The Department for Work and Pensions has launched a review of the default fund charge cap and standardised cost disclosure amid concerns lower earners are not adequately protected.
The review, launched today (June 25), is asking if the current 0.75 per cent cap for defined contribution default funds should be lowered or if transaction charges should be included under the cap.
The DWP is also proposing changes for flat fees – which some master trust apply in combination with an annual management charge under the cap - for administration purposes, though not an outright ban.
Government officials stated “the flat fee structure in its present form does not provide adequate protection, particularly for low earners and other groups who have traditionally been excluded from pension saving”.
The problem with the flat fee structure - which was raised by the Work and Pensions select committee in February 2019 – is that individuals who are with a scheme for a short period of time could end up paying a higher charge, as the fee is levied on the pot each month irrespective of whether contributions continue to be paid.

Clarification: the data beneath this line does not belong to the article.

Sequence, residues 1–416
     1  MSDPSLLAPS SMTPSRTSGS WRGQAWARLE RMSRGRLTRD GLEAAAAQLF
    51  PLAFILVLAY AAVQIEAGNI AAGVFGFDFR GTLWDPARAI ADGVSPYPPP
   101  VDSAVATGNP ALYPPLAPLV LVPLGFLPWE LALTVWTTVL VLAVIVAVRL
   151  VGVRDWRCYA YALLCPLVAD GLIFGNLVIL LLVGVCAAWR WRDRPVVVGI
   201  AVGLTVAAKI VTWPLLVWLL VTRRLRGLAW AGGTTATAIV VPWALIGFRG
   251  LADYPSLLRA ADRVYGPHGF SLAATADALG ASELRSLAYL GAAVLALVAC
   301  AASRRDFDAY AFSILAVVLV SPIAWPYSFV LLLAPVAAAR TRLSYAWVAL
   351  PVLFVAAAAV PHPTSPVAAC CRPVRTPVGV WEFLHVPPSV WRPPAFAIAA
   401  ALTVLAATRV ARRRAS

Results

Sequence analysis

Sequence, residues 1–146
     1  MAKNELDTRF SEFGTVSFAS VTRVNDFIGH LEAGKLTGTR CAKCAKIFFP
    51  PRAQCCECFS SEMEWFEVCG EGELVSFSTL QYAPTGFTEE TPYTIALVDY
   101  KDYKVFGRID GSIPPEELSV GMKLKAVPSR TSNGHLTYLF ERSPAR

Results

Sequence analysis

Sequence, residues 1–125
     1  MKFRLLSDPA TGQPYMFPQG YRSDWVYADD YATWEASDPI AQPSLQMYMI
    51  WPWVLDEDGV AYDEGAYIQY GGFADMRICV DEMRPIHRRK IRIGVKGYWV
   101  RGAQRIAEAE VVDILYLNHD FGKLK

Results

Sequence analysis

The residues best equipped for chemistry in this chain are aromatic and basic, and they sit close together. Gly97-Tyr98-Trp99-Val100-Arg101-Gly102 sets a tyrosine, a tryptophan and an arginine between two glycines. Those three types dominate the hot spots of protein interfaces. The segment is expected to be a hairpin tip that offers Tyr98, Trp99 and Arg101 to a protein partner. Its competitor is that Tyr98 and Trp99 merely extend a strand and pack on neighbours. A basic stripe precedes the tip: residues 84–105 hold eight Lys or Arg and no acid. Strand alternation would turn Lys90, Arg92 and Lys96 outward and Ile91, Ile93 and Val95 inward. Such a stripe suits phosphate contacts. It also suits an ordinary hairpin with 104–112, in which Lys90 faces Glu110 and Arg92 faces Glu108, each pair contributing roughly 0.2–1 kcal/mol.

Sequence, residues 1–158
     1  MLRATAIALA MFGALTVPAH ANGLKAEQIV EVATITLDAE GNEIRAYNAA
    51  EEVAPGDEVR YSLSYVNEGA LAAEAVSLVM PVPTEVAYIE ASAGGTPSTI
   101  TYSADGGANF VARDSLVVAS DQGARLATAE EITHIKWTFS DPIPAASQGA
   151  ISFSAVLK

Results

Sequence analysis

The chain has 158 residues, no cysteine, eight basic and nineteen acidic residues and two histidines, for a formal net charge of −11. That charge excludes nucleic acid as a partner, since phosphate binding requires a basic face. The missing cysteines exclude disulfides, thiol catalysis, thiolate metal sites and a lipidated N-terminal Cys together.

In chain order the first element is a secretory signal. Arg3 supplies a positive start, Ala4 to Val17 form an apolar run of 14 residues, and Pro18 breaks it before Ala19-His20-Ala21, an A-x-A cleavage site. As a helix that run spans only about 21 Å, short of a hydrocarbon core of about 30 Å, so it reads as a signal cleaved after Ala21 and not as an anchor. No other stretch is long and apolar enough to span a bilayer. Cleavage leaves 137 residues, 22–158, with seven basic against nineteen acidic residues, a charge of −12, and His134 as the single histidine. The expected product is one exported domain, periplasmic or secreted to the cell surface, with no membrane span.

“Many of these savers could have the balance left in the fund charged out to zero before they reach retirement, even with a reliable annual investment return,” the DWP stated.
Even if limited to dormant pots, it could “eliminate competition and push charges upwards, whilst restricting choice for employers,” which “could lead to poorer retirement outcomes for scheme members,” it added.
On the other hand, a flat fee can be beneficial for savers with bigger pension pots, which is why the government is not considering a complete ban of this charge.
To prevent small pots from being eroded to zero, the government is considering measures which will set a minimum pension pot size before a flat fee can be charged.
As an example, providers will only be able to charge a £5 fee or less to savers with pots above £100, a fee of more than £5 but equal to or less than £10 to individuals with savings above £200, and so on.
However, the government still has a number of questions about how any such mechanism might apply – such as if it should apply to all members or just the ones who are deferred, if there are any issues that would make it difficult to introduce such a limit, among others.
“We will work with stakeholders on the detailed application of any measures taken forward following this call for evidence,” it stated.
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